“Ramadan Mubarak!” or “Happy Ramadan!” are most commonly used. Mubarak means “blessed” in the Arabic language.

When does Ramadan end?

Ramadan lasts 29 or 30 nights. The CML follows the opinion of the Fiqh Council of North America and the Triangle Imams Council (TIC) on calculating when Ramadan will begin and endView TIC’s announcement. We will observe the last day of fasting on Tuesday, April 9. Eid Al-Fitr will be on Wednesday, April 10.

What is Eid Al-Fitr?

Eid Al-Fitr is a celebratory holiday that marks the end of Ramadan. Celebrations include a congregational prayer in the morning followed by festivities. Eid Al-Firt is one of the most important holidays observed by the nearly 2 billion Muslims worldwide. To wish someone a blessed Eid, say “Eid Mubarak” or “Happy Eid!”

How can I support Muslim students during Ramadan?

Be compassionate. Approach questions with humble curiosity. Provide accommodations for those fasting. For example, provide to-go boxes at programs with food and consider academic accommodations.

The CML regularly provides educational training opportunities for the Duke community. Since Fall 2024, we have facilitated our workshops both to the general Duke faculty and staff population as well as to specific departments like the Fuqua School of Business, Nicholas School for the Environment, Trinity and Pratt academic deans, and Nicholas Institute for Energy, Environment, & Sustainability. Across all five trainings, over 100 faculty and staff have completed the workshop. When asked to provide their biggest takeaway from the training, one participant wrote, “There is much more diversity within the Muslim community than I realized” and another explained, “It was very helpful understanding the roots of the American Muslim community. There were things I had never heard before. Also looking at the similarities of Abrahamic roots amongst Islam and other religions was enlightening.” Of the training’s structure and facilitation, one participant wrote, “Really enjoyed the presentation and how the topic is so much more than can be fit in 2 hours so the provided resources are wonderful. Y’all were so concise and clear as presenters while also engaging and it made the time go by quick!”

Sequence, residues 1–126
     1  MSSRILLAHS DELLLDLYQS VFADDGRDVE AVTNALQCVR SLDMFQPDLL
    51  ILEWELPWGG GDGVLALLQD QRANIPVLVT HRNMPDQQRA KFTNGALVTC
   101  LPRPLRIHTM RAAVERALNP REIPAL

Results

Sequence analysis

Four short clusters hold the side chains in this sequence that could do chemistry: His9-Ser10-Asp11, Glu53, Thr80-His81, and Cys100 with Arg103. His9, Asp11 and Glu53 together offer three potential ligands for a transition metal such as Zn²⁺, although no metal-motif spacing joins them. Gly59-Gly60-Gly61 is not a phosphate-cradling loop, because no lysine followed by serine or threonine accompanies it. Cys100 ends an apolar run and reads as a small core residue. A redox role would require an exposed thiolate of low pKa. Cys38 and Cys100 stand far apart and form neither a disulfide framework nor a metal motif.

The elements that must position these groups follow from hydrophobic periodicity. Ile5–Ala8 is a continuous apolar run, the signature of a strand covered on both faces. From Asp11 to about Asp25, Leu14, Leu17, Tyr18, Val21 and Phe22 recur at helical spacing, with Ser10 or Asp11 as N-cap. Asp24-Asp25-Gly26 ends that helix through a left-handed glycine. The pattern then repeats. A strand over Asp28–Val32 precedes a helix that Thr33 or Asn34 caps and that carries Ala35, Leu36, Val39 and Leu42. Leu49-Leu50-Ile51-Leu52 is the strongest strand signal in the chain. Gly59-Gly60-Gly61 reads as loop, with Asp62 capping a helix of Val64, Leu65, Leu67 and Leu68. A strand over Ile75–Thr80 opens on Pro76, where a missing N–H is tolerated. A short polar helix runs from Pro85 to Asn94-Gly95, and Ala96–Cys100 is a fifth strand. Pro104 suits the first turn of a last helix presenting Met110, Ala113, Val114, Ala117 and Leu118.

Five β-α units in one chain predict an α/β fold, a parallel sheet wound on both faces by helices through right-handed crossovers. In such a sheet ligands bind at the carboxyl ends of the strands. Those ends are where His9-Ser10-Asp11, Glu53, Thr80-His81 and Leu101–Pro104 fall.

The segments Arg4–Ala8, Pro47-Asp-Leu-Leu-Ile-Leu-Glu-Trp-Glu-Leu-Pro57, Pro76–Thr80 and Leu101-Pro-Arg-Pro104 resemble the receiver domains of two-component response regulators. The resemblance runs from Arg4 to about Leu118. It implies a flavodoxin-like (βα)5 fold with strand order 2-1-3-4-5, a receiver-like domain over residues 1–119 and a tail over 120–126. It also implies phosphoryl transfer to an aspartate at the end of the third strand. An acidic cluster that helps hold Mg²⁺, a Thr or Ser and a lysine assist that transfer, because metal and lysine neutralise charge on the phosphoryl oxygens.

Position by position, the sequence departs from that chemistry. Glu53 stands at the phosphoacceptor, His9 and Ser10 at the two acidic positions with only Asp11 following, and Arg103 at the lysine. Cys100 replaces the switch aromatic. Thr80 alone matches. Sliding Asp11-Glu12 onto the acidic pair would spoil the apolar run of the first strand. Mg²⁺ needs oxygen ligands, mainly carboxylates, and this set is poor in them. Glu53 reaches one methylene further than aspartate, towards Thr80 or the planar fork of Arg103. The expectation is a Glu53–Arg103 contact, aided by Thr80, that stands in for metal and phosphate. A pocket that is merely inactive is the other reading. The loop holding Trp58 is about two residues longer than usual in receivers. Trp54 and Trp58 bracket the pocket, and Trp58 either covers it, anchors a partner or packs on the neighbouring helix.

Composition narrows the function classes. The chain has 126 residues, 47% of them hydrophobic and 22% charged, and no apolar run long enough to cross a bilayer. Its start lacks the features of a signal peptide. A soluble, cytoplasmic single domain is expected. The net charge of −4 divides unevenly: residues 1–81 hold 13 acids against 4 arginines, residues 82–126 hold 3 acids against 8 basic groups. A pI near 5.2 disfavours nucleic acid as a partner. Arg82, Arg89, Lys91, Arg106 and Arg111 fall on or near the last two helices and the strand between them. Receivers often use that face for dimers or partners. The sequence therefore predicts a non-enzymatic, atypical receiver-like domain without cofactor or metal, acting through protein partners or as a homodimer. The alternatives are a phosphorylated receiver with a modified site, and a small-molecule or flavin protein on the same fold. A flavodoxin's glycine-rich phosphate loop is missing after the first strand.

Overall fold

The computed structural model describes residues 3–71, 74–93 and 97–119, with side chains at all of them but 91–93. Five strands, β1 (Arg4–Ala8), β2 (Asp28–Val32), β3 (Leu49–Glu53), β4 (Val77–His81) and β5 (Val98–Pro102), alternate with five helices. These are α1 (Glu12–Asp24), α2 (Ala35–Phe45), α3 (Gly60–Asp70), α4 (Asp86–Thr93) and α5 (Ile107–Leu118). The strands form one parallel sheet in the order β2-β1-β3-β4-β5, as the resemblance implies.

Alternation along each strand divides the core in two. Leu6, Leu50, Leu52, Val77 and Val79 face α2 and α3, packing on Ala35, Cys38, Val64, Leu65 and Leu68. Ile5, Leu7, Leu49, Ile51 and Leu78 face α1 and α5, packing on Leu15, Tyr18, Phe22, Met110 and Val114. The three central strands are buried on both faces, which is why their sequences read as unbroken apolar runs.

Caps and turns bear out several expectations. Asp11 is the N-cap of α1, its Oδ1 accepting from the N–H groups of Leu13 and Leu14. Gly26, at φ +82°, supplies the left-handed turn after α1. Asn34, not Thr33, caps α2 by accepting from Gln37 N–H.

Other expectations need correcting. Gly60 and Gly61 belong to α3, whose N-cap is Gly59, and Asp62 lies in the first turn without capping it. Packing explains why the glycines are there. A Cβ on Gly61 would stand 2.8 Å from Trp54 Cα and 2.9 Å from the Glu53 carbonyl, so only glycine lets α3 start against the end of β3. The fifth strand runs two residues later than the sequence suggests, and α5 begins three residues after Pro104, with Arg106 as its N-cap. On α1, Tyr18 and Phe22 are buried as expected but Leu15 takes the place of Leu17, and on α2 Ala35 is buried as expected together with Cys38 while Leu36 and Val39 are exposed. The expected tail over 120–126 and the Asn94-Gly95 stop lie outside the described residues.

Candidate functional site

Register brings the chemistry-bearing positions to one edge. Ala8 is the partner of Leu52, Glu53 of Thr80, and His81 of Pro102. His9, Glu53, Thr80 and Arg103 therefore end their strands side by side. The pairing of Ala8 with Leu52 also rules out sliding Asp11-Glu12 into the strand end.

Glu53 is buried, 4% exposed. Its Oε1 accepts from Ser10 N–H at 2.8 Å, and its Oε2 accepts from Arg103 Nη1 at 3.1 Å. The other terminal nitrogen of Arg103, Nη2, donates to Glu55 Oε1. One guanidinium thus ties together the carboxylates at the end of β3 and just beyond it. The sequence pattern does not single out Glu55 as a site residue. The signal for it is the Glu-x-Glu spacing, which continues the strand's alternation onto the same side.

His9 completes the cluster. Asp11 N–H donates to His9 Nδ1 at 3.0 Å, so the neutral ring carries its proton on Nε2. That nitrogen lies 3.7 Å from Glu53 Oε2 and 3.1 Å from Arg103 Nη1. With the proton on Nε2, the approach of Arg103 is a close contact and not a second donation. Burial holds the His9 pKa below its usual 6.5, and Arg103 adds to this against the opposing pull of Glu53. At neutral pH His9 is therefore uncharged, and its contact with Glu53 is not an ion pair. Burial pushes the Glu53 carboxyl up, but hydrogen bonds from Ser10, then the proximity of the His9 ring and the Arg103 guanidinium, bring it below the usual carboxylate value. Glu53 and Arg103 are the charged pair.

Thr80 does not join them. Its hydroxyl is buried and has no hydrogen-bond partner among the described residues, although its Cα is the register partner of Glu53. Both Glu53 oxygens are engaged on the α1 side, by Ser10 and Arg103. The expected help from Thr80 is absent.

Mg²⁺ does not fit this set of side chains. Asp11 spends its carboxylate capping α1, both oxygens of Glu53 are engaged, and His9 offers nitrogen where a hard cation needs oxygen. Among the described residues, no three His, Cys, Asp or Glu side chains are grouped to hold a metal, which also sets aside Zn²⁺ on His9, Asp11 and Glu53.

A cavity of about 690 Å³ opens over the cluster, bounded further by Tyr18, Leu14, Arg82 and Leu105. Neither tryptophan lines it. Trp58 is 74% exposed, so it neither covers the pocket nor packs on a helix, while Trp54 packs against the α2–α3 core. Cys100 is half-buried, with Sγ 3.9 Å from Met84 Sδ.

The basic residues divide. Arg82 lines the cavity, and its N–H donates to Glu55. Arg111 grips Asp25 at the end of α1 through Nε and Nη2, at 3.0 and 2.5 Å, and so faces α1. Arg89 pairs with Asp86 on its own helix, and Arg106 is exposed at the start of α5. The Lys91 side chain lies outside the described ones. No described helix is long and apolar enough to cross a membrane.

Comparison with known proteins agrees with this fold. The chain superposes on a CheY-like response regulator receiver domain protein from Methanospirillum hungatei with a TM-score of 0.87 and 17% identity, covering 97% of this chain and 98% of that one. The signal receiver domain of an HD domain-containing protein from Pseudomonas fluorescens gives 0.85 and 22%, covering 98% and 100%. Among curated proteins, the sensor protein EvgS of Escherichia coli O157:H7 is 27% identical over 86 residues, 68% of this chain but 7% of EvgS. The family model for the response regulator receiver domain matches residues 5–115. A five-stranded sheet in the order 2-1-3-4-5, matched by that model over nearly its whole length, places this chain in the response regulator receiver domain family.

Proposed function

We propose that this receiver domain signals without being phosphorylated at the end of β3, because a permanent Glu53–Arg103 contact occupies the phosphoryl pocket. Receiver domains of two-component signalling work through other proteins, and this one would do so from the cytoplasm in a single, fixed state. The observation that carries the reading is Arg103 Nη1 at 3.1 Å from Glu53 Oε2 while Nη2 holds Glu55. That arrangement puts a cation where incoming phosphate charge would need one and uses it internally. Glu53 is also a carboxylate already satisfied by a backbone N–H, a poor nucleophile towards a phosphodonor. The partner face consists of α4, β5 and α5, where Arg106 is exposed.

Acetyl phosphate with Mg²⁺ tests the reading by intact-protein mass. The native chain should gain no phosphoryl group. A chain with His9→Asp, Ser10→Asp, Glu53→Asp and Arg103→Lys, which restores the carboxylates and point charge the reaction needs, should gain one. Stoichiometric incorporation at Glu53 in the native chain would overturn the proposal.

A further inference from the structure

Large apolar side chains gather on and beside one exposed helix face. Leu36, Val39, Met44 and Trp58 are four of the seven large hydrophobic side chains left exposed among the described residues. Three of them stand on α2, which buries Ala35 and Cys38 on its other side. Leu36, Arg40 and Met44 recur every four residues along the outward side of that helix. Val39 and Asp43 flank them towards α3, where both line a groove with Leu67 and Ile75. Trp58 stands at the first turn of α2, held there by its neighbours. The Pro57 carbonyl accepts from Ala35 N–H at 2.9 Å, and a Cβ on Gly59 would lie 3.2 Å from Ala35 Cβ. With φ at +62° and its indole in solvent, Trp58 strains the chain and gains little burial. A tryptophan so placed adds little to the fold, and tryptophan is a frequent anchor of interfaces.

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About the Center for Muslim Life at Duke

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The Center for Muslim Life (CML) is the home for all things Muslim life on Duke’s campus. Guided by a mission to help bridge the faith and values of Muslim students with their Duke education, the CML creates an environment for Muslims to flourish by enriching understandings of Islam through meaningful engagement with students, faculty, staff and alumni. We are committed to enriching the lives of Muslim students and the whole campus through events and activities that cater to the spiritual, social, and intellectual needs of Duke students. Whether you were born or raised Muslim, interested in or new to Islam, or know nothing at all, we are a home away from home for all who want to engage with and be a part of the Muslim community at Duke.
The Center for Muslim Life’s programs and resources are made possible through the support of students, parents, alumni, and friends. Become a donor to the Center for Muslim Life today.